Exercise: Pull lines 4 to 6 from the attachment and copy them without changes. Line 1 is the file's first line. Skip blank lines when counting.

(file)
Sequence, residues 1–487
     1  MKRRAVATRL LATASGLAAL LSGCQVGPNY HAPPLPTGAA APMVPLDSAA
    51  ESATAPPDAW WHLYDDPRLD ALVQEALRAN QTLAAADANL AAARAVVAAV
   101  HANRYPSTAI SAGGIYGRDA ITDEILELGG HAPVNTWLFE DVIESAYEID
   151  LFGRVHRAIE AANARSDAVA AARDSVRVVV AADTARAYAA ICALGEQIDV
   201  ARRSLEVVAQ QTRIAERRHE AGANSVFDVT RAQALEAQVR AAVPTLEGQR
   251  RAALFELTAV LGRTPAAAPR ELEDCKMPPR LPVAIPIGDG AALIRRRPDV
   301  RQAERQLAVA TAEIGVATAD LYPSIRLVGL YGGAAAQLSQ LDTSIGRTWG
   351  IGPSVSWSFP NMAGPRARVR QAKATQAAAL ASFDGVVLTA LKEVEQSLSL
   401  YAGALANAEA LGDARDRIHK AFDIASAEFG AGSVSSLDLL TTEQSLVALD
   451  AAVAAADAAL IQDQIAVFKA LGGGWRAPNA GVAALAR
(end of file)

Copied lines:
   101  HANRYPSTAI SAGGIYGRDA ITDEILELGG HAPVNTWLFE DVIESAYEID
   151  LFGRVHRAIE AANARSDAVA AARDSVRVVV AADTARAYAA ICALGEQIDV
   201  ARRSLEVVAQ QTRIAERRHE AGANSVFDVT RAQALEAQVR AAVPTLEGQR